Mexico’s anti-money-laundering agency accuses former Attorney General Jesus Murillo Karam of corruption

Former Mexican AG Jesus Murillo Karam has been accused of influence trafficking and tax evasion by Mexico's anti-money-laundering agency. Murillo Karam has been in jail since August.

Mexico’s anti-money-laundering agency said Tuesday it has found evidence of corruption on the part of the country’s former attorney general.

Jesus Murillo Karam, the former Attorney General, has been in jail since August for abuses he committed during the investigation into disappearances of 43 students in 2014.

Mexico’s Financial Intelligence Unit has confirmed that Murillo Karam did not declare $1.36million in income. His relatives were also involved in a company that could have benefited from government contracts in his term of office, 2012 to 2015.

Murillo Karam denies that he made a fake version of the disappearances of students to cover up for other people involved. The new allegations were not addressed by him immediately.


According to the unit, it sent evidence to prosecutors in support of possible charges of influence trafficking and tax evasion.

According to the report, an investigation revealed that Murillo Karam’s nephew, children and son-in law were involved in a private firm that received contracts from the government’s Communications and Transport Department.

Mexico’s AG Jesus Murillo Karam attended a press conference held in Mexico City on February 28, 2014. Mexico’s anti-money-laundering agency claims to have found evidence of corruption on the part of Murillo Karam. (AP Photo/Marco Ugarte, File)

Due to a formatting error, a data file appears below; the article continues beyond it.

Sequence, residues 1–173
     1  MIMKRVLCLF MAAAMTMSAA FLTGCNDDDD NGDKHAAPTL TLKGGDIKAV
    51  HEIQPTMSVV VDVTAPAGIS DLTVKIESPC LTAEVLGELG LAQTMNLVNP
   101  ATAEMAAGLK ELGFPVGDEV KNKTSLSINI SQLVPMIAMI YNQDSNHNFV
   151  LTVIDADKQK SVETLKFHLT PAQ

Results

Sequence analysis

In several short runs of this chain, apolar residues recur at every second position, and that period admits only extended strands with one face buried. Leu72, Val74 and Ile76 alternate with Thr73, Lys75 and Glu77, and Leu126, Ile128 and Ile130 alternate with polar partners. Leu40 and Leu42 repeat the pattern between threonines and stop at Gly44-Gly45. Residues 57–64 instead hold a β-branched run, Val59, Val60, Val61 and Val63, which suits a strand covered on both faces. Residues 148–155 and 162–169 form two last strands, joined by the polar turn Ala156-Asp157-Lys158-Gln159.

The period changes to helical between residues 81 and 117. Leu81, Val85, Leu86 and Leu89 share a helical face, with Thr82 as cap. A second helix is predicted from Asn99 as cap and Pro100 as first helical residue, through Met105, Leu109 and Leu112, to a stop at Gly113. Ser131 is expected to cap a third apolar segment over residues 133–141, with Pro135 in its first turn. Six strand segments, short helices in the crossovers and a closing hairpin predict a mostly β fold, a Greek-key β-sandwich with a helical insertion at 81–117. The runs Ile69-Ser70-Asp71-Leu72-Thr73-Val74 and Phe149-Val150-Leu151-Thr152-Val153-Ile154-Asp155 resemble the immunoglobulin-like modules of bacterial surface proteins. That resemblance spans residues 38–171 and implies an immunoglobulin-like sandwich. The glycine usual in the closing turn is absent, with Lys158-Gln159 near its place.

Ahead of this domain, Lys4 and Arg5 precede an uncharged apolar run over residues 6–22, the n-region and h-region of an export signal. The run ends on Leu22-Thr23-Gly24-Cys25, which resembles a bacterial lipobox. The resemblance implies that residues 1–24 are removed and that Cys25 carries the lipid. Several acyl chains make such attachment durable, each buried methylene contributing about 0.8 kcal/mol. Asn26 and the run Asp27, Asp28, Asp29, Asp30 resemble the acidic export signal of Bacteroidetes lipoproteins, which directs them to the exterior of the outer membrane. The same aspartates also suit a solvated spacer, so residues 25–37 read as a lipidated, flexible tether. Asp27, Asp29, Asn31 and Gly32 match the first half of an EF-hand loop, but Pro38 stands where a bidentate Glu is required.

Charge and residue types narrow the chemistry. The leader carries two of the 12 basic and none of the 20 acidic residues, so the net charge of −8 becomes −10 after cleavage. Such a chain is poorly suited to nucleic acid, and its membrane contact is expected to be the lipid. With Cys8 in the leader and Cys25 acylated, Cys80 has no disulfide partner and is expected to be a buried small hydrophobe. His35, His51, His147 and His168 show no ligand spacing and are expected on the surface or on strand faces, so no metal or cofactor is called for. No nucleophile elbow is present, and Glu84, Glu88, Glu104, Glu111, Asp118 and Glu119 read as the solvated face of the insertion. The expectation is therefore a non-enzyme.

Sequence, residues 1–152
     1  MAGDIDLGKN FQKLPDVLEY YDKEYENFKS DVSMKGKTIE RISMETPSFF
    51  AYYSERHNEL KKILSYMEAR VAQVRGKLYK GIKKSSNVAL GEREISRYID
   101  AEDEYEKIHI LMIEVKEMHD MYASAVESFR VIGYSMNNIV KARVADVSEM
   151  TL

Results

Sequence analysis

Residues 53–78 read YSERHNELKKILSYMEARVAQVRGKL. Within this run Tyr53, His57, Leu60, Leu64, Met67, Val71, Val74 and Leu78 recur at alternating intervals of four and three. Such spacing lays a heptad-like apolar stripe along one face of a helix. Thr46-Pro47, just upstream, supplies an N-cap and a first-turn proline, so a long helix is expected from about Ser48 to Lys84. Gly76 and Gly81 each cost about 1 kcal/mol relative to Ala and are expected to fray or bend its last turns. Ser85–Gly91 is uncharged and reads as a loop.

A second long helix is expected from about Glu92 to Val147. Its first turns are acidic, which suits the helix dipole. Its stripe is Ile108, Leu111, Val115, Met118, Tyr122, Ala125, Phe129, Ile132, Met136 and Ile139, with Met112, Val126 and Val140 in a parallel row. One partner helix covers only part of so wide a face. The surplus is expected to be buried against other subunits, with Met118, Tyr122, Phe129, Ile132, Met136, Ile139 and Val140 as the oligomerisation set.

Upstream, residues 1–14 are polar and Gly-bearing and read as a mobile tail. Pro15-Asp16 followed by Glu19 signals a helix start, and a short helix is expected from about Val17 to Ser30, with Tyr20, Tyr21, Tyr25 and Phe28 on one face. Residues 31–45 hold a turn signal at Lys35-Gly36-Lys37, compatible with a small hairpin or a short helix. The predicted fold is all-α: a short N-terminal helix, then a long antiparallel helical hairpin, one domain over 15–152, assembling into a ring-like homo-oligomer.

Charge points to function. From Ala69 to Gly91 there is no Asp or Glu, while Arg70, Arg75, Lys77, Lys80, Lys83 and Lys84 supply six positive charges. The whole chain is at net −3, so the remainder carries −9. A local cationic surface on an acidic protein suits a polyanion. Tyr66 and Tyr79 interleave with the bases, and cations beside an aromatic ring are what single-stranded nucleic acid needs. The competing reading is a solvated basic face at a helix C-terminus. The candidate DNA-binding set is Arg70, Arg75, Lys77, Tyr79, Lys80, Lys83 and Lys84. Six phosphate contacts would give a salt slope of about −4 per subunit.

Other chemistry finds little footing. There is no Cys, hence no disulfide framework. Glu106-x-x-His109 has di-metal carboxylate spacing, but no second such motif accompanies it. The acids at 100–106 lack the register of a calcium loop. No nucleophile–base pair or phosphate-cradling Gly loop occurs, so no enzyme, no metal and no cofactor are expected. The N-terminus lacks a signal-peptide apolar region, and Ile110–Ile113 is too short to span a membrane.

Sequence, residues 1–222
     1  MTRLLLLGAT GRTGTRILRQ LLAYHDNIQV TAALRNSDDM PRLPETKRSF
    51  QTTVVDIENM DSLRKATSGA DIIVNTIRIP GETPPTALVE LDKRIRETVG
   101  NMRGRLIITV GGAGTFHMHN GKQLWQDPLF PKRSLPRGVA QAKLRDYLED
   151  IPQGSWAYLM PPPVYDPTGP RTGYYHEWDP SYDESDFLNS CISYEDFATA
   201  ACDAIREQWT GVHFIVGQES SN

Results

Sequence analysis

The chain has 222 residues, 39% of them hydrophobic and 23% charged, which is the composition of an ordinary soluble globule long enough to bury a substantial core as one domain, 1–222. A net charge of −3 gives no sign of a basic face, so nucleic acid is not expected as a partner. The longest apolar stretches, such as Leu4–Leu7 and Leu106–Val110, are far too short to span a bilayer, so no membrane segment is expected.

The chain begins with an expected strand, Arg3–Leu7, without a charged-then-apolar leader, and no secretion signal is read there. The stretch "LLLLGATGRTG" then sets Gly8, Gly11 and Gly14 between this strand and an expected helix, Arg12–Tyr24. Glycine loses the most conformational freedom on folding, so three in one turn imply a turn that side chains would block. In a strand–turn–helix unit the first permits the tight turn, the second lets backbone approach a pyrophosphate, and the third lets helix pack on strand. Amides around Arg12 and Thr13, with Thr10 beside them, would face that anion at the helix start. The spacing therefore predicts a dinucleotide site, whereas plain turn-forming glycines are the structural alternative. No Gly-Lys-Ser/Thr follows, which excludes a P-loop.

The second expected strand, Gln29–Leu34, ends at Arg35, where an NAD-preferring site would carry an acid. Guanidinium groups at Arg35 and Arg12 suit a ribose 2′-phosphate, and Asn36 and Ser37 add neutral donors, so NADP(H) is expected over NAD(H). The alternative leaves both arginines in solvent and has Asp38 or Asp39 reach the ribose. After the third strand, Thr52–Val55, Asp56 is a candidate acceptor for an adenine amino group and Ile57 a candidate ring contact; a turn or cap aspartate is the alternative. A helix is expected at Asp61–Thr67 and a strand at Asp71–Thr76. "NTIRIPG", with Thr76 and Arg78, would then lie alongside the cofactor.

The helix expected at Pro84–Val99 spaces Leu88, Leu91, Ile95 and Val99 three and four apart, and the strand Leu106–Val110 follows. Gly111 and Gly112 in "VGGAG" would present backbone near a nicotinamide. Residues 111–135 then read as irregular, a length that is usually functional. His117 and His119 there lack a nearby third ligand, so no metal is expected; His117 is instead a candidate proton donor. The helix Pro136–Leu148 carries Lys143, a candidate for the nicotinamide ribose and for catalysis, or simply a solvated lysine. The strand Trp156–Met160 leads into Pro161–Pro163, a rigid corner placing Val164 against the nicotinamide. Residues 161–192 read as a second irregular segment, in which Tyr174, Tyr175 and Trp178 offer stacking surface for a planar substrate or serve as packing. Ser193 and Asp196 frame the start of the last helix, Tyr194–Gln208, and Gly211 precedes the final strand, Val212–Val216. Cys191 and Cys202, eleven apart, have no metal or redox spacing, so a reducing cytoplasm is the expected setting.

According to the unit, Murillo Karam’s son served as Murillo’s secretary during his time as attorney general. This raises the possibility of a swap of favors.

Murillo Karam (74), was responsible for Mexico’s initial investigation into 43 disappearances from a radical teachers college. He is now facing trial for forced disappearance and not reporting torture as well as official misconduct.


Murillo Karam acknowledged that there were “errors” in the investigation but stated that no one has been capable of proving another version of what happened in Guerrero state’s Iguala.

In 2014, he announced that the students were abducted by local police and turned over to a drug gang. Their bodies were burned at a dump, and their remains dumped in the river. It was the “historic truth,” he said.

Independent investigations and the current Attorney General’s Office refute this version. They claim that different levels of authorities were involved, such as security forces, and that evidence was altered and crime scene were altered.

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Also, there were instances of torture and improper arrests that allowed many of the directly involved gang members to escape.

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